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Oral Tranexamic Acid Enhances the Efficacy of Low-Fluence 1064-Nm Quality-Switched Neodymium-Doped Yttrium Aluminum Garnet Laser Treatment for Melasma in Koreans: A Randomized, Prospective Trial

Authors

  • Jung U Shin MD,

    1. Department of Dermatology, Severance Hospital, Cutaneous Biology Research Institute, College of Medicine, Yonsei University, Seoul, Korea
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    • The first two authors contributed equally to this work and should be considered as first authors.
  • Jihun Park MD,

    1. Department of Dermatology, Severance Hospital, Cutaneous Biology Research Institute, College of Medicine, Yonsei University, Seoul, Korea
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    • The first two authors contributed equally to this work and should be considered as first authors.
  • Sang Ho Oh MD, PhD,

    1. Department of Dermatology, Severance Hospital, Cutaneous Biology Research Institute, College of Medicine, Yonsei University, Seoul, Korea
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  • Ju Hee Lee MD, PhD

    Corresponding author
    • Department of Dermatology, Severance Hospital, Cutaneous Biology Research Institute, College of Medicine, Yonsei University, Seoul, Korea
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  • The authors have indicated no significant interest with commercial supporters.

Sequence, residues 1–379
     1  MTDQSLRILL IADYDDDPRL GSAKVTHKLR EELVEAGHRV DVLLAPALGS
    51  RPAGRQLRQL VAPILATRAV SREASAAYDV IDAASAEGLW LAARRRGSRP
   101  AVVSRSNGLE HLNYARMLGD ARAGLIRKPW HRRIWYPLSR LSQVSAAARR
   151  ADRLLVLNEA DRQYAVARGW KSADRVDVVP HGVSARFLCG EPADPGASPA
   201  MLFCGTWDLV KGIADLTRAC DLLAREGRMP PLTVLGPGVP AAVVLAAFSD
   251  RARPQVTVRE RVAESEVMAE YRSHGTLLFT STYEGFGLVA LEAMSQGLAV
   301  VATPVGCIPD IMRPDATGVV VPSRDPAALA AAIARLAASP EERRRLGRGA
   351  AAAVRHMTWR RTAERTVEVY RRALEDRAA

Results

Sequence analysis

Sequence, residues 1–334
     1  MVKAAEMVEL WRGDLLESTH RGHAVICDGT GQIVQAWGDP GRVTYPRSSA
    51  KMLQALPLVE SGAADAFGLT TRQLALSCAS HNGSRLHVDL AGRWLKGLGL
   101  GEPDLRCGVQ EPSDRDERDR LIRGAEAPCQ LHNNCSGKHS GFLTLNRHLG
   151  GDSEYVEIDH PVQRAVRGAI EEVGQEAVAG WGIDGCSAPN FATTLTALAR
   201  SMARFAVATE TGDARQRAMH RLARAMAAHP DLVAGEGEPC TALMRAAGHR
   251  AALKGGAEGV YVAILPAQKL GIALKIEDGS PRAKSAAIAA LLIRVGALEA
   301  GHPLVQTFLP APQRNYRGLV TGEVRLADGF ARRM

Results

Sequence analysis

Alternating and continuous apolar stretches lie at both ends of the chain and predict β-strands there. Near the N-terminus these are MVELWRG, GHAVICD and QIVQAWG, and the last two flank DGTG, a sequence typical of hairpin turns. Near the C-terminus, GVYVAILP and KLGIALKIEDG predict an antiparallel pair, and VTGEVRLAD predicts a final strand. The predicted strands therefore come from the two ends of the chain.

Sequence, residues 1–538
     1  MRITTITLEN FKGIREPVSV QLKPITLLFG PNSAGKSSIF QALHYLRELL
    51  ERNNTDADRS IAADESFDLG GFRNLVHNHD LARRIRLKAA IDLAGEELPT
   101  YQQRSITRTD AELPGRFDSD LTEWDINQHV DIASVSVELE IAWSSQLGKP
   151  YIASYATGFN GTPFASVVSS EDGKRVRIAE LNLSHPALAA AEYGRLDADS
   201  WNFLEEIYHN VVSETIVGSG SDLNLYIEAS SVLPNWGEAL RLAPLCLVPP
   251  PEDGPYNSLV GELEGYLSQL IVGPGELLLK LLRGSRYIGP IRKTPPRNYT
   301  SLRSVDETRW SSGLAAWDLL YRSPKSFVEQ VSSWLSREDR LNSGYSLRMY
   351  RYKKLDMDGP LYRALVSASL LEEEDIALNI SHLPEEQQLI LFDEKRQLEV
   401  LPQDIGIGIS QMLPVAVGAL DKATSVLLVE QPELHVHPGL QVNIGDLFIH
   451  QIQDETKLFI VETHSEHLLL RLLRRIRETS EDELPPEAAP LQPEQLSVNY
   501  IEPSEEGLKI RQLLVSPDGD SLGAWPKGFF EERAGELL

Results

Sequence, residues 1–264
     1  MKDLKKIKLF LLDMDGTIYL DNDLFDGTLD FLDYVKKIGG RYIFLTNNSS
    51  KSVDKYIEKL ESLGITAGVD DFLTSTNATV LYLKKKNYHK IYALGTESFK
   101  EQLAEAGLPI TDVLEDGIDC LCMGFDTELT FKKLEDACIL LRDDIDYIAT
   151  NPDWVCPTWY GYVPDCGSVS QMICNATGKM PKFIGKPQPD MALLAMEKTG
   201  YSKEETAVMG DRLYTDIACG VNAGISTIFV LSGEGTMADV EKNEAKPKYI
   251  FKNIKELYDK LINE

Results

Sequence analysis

Address correspondence and reprint requests to: Ju Hee Lee, MD, PhD, Department of Dermatology and Cutaneous Biology Research Institute, Yonsei University College of Medicine, 250 Seongsanno, Seodaemun-gu, Seoul, Korea, or e-mail: juhee@yuhs.ac

Abstract

Background

Tranexamic acid (TA) has recently gained in popularity in the treatment of pigmentary disorders.

Objective

To evaluate the clinical efficacy and safety of oral TA combined with low-fluence 1064-nm quality-switched neodymium-doped yttrium aluminum garnet (QSNY) laser for the treatment of melasma.

Materials and methods

Forty-eight patients with melasma were enrolled in the study and subsequently divided into two groups: a combination group and a laser treatment group. All patients were treated with two sessions of low-fluence QSNY laser, and patients in the combination group took 8 weeks of oral TA. Two blinded dermatologists evaluated patients using the Modified Melasma Area and Severity Index (mMASI) and a clinical improvement scale.

Results

Mean mMASI score 4 weeks after the second treatment decreased significantly in both groups from base line. Based on overall clinical improvement, a greater number of patients scored as grade 3 and more in the combination group; no patients were scored as grade 4 in the laser-alone group.

Conclusions

Oral TA may prove a safe and efficient treatment option for melasma in combination with low-fluence QSNY laser therapy.

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